Even government advisers are rejecting PM’s migrant pledge: Office for Budget Responsibility heaps embarrassment on ministers by criticising prediction
- PM promised to reduce net migration to ‘tens of thousands’ by the election
- But vow was shattered when figures last month showed it hit record high
- Theresa May then vowed to cut number to 100,000 if Tories stay in power
- But OBR said net migration would ‘tend towards 165,000 in the long term’
David Cameron’s pledge to crack down on immigration is no longer taken seriously by the Office for Budget Responsibility.
The Prime Minister had promised to reduce net migration to the ‘tens of thousands’ by the General Election.
However, last month that vow was shattered when figures showed it had hit a record high.
David Cameron’s pledge to reduce net migration to the ‘tens of thousands’ is no longer taken seriously by the Office for Budget Responsibility
Home Secretary Theresa May later insisted the Tories would restate the failed target to slash net migration to fewer than 100,000 if they returned to Government.
But yesterday the OBR heaped embarrassment on ministers by criticising the prediction.
In a document published alongside the Budget, it said its previous forecasts had been ‘underpinned by the assumption’ that net migration – the measure of how many people have come into Britain minus those who have left – would be 105,000 by 2019.
Theresa May said Tories would slash net migration to fewer than 100,000 if they stayed in power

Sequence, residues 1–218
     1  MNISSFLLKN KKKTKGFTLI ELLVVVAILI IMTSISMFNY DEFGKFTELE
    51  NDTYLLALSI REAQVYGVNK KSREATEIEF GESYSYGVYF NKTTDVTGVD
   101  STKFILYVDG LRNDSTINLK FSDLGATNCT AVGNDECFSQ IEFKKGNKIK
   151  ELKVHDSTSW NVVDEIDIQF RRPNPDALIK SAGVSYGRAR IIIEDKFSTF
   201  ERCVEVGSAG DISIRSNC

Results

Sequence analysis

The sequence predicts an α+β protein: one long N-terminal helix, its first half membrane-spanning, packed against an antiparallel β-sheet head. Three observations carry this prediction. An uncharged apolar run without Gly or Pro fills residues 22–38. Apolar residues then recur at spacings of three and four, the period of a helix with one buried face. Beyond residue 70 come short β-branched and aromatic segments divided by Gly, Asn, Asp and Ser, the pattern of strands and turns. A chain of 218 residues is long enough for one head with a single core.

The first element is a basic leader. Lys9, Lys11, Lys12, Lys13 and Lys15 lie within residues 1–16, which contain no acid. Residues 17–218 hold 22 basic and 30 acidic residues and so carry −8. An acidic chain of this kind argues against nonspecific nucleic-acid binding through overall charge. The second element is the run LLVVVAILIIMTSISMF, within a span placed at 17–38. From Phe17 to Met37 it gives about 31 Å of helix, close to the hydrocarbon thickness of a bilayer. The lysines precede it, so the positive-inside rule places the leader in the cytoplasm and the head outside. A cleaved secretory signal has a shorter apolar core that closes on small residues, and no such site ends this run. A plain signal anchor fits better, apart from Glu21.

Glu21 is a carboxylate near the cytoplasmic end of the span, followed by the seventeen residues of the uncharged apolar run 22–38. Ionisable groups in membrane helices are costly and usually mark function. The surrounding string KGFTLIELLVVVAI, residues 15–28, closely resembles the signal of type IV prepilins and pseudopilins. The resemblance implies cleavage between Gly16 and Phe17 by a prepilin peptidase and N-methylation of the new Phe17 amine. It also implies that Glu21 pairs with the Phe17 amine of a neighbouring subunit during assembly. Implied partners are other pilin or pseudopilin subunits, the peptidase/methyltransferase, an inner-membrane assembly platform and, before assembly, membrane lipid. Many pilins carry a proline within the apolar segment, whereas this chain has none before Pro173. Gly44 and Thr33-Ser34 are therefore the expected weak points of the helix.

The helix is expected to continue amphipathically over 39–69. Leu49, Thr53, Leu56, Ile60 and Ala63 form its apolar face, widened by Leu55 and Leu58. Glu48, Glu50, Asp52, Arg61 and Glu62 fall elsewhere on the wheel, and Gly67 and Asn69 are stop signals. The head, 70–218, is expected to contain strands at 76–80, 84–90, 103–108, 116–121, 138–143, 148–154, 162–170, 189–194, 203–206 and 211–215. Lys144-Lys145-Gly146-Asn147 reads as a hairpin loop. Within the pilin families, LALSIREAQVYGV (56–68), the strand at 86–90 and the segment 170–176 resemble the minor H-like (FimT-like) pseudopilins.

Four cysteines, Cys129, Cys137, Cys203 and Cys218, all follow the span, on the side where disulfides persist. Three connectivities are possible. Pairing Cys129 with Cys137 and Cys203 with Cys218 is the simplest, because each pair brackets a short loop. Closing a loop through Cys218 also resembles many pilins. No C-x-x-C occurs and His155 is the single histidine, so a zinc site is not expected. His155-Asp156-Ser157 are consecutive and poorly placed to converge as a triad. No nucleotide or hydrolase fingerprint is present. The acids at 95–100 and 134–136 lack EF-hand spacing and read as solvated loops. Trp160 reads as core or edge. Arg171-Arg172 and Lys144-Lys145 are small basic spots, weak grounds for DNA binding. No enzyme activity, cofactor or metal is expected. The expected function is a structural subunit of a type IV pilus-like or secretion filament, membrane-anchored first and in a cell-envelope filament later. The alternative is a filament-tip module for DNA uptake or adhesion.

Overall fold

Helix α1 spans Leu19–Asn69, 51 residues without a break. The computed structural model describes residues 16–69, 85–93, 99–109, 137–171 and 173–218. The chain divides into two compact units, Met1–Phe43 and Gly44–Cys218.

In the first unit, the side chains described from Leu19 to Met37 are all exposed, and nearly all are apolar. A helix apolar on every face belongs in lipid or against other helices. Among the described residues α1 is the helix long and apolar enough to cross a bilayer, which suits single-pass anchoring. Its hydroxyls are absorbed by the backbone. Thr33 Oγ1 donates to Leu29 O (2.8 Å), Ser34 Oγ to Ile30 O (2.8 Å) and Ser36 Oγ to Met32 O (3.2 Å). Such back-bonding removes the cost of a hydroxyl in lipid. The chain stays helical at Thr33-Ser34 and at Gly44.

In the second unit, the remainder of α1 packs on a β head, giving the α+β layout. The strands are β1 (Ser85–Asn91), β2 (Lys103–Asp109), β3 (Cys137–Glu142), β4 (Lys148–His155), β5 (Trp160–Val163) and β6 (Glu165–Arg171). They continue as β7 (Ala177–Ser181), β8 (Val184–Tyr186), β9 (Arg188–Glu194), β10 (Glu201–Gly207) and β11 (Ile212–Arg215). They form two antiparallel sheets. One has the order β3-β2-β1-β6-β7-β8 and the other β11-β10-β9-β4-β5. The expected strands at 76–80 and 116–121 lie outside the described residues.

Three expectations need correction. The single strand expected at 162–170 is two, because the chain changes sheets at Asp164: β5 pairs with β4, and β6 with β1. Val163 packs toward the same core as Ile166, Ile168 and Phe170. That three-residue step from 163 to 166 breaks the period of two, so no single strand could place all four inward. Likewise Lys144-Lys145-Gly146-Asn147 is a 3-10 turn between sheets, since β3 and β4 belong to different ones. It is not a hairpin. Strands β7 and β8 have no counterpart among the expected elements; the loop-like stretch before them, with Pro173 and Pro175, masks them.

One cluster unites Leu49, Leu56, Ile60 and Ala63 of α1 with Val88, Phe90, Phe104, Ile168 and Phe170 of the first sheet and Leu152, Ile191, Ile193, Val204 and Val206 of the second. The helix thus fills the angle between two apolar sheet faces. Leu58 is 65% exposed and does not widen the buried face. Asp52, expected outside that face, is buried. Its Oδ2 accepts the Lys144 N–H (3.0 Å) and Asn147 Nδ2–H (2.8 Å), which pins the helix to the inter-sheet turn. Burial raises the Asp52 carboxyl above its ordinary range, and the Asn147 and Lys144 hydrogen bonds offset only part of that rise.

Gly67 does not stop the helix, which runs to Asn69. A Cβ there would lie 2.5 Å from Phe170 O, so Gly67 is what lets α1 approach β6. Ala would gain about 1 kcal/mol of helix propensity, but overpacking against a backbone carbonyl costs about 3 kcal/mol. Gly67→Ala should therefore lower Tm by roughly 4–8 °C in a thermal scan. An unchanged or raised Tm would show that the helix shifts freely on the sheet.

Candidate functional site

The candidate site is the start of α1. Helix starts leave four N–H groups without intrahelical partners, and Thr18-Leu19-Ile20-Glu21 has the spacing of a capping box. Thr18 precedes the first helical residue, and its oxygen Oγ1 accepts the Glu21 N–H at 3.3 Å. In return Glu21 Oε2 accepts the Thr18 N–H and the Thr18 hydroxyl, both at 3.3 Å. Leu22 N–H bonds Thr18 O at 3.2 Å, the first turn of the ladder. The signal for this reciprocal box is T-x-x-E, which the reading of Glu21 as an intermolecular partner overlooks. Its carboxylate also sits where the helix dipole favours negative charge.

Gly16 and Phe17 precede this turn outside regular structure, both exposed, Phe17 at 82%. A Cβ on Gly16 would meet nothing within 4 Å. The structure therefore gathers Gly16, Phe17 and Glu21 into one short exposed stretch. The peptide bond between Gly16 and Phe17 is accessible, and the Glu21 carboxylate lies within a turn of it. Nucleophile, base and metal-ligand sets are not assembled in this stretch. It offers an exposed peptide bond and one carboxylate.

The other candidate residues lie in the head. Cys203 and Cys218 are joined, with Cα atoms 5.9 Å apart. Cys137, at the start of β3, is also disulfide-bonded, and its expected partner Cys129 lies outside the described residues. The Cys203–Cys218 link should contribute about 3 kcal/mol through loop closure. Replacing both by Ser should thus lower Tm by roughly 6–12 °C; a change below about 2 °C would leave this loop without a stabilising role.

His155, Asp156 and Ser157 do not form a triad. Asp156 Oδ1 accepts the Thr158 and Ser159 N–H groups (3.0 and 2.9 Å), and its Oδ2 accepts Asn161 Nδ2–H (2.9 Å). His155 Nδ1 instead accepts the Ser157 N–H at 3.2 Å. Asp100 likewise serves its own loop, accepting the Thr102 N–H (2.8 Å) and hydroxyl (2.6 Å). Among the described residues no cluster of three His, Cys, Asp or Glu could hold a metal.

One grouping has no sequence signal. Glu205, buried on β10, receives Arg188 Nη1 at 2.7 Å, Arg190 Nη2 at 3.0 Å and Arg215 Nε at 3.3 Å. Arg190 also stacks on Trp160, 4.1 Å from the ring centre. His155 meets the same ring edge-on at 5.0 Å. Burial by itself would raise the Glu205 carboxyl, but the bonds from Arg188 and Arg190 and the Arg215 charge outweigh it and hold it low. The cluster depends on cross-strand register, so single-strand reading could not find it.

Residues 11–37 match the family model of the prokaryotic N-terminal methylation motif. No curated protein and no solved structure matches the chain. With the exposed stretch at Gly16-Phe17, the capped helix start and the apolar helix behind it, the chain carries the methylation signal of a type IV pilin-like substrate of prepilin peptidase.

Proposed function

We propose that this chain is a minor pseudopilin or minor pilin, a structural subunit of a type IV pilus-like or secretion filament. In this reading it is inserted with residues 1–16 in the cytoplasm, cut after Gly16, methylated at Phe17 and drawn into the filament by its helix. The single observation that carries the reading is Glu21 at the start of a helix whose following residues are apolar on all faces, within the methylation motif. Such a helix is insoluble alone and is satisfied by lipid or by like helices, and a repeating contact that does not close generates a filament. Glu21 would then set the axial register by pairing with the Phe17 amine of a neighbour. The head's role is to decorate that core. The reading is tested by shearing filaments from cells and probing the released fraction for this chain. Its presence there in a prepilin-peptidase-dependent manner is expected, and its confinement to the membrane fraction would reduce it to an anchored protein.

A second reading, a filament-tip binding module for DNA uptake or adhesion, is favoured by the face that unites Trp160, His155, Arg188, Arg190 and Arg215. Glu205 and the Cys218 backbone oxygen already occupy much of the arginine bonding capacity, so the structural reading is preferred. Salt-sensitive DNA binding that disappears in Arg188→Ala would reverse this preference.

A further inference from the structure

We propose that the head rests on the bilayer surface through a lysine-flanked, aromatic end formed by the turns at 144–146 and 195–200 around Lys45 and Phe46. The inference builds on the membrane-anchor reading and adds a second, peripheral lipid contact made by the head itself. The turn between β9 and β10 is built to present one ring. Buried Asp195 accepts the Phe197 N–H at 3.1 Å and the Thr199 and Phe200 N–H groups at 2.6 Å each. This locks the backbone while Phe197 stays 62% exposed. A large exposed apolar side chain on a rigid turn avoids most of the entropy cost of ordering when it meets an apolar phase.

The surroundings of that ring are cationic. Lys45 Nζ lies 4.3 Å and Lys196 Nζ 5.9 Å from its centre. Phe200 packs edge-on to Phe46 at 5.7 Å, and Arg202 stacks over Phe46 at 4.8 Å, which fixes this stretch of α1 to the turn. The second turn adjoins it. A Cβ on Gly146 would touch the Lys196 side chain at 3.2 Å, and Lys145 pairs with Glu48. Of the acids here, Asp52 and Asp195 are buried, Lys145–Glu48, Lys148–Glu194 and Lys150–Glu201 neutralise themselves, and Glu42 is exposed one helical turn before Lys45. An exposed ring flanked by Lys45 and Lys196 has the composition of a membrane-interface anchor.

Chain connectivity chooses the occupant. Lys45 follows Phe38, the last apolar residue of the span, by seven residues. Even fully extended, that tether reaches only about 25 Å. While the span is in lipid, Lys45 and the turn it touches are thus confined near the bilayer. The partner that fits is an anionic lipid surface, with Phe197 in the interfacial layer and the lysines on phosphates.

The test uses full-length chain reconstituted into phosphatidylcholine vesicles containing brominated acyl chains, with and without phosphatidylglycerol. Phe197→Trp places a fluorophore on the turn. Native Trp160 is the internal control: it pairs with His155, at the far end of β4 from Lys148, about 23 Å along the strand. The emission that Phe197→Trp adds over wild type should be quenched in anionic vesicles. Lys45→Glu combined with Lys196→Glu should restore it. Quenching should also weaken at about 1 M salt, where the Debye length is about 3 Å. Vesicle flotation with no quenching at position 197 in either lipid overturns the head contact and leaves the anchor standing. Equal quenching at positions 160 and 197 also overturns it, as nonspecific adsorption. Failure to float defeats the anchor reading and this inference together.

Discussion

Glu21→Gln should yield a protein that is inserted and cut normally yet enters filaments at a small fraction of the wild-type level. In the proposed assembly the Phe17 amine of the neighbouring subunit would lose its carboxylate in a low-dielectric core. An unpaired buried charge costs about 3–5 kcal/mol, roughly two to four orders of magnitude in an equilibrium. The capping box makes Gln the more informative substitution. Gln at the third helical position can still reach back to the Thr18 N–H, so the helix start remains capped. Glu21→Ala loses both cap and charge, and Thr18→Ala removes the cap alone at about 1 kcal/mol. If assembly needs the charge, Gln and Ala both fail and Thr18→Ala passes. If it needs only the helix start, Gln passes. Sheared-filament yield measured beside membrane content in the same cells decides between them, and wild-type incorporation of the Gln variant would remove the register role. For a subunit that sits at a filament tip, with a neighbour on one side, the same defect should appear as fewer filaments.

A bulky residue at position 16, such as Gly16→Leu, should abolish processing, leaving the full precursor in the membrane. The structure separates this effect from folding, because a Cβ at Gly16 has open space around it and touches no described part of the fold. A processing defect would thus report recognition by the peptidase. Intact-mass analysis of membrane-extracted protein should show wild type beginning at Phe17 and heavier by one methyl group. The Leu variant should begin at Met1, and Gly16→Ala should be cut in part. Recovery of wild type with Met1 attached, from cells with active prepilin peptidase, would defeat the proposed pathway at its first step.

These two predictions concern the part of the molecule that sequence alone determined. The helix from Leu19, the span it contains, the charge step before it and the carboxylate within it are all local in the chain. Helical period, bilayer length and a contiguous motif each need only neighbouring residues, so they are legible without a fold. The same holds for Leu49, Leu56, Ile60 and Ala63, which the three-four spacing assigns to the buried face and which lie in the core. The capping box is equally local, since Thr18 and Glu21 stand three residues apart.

It stated: ‘A reduction over time seems consistent with the international environment and with the Government’s declared efforts to reduce it.’
But in a blow to Mr Cameron, it added: ‘In light of recent evidence, it no longer seems central to assume it will decline so steeply.’
Instead, it said net migration would ‘tend towards 165,000 in the long term’.
On taking power in 2010, Mr Cameron pledged to bring the politically-sensitive net migration figure below 100,000.
But last month the figure hit 300,000 – fuelled in large part by net migration from outside the EU of 190,000.
Downing Street described the figures as a ‘disappointment’ but also a reflection of a growing economy.
The highest number previously recorded was 600,000 in September 2010.
When Mr Cameron entered Downing Street in May 2010 net migration was running at 244,000.
Shadow immigration minister David Hanson said: ‘David Cameron’s “no ifs, no buts” pledge on net migration is in complete tatters; not even the Office of Budget Responsibility believes the Prime Minister’s promise any more and are now planning for it to be broken.
‘If you needed any more evidence that this government simply can’t be trusted to deliver their promises on immigration, this is it.’